Ottendorf is a town in eastern Germany with no clear connection to Mr. Linke, but it is home to a thriving “Reichsbürger” scene. The Reichsbürger, a loosely aligned far-right group, believe in a conspiracy that the modern German state does not actually exist. Some of the group’s followers were behind a coup plot that German police foiled late last year.
One German politician following the investigation worries that some military and intelligence officials still admire Russia and aspire to closer relations, even after the invasion of Ukraine.
“It’s a kind of conviction, wanting to cooperate with Russia — it’s a romantic belief,” the official said. “I worry there are many others who hold that conviction in our security services.”
To Germany’s allies, such concerns may seem familiar. Since the days of the Cold War, Germany’s intelligence agency suffered from Russian infiltration, said Erich Schmidt-Eenboom, a historian who has written several books on the agency and keeps a list of all of the B.N.D. agents who were “turned,” exposing hundreds of operatives.
Among them was the 1961 case of Heinz Felfe, a K.G.B. mole who revealed B.N.D. operations across Europe. After the fall of the Soviet Union, Germany learned that a top director, Gabriele Gast, who worked closely with the chancellery, spied for the Stasi, the East German secret police, for 17 years.
“The B.N.D. has been considered by all partner services to be a complete molehill,” Mr. Schmidt-Eenboom said. “Its internal security has failed over the years — time and time and time again.”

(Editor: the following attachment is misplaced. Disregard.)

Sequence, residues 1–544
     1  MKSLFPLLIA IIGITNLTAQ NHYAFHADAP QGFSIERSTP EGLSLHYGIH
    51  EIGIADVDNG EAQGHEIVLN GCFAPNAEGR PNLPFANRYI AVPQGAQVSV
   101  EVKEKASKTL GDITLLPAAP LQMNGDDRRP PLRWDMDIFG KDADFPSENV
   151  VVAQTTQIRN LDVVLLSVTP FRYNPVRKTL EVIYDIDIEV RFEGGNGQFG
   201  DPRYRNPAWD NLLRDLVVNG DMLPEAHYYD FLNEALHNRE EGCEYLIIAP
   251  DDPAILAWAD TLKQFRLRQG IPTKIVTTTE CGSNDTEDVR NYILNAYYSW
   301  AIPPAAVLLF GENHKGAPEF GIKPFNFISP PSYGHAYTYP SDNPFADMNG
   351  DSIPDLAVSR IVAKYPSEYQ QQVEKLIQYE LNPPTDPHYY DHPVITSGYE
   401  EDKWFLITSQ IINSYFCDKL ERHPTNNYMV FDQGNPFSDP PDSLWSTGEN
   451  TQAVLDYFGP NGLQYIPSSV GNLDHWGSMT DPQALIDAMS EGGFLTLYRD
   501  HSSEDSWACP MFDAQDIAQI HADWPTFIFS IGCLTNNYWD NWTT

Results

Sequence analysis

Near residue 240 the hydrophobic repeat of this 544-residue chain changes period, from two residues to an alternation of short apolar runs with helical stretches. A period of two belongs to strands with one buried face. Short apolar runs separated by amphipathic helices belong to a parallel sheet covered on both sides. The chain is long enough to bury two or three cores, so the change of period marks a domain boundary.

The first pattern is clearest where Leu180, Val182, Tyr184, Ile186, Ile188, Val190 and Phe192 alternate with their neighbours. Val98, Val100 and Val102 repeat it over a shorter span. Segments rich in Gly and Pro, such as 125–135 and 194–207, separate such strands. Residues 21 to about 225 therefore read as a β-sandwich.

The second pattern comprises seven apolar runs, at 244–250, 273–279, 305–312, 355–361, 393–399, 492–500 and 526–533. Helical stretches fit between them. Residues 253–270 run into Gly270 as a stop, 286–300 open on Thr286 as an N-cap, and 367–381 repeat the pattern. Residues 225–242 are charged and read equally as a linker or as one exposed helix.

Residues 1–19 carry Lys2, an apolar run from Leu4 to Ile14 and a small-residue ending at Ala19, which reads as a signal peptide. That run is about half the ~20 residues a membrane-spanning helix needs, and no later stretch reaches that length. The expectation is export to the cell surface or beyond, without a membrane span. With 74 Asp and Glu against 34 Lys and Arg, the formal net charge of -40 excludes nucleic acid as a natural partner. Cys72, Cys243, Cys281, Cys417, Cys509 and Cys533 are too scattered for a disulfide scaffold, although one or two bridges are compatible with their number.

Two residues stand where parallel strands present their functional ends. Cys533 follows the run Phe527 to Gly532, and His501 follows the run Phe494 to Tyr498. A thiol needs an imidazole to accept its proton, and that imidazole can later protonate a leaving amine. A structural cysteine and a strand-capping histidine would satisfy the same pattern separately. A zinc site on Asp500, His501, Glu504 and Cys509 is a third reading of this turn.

According to Mr. Schmidt-Eenboom, the information available to Mr. Linke was vast: internet espionage, German surveillance stations, mobile listening devices in southern Ukraine, and the German Navy’s reconnaissance ships observing the war from the Baltic Sea.
On top of that, Mr. Linke would have had access to reports from allied American services like the C.I.A. and the National Security Agency, as well as from Britain’s Government Communications Headquarters.
Mr. Linke appeared to use that to his advantage, having requested reports related to Russia or the war from an employee who herself was investigated, but then later released as an unwitting accomplice, according to the people who have been following the investigation.
Shortly before Mr. Linke was discovered as a mole, he had been promoted to head personnel security checks. The damage he might have done there would have been far greater: He could have passed on tips about agents vulnerable to blackmail or bribes.
Some officials informed on the investigation say German intelligence has played down the what confidential information may have made it into Russian hands, saying only that German intelligence was confirmed as having been sent to Moscow.
But Western security officials worry that Mr. Linke also passed along intelligence on the Ukraine war from allies — in particular, possibly the British.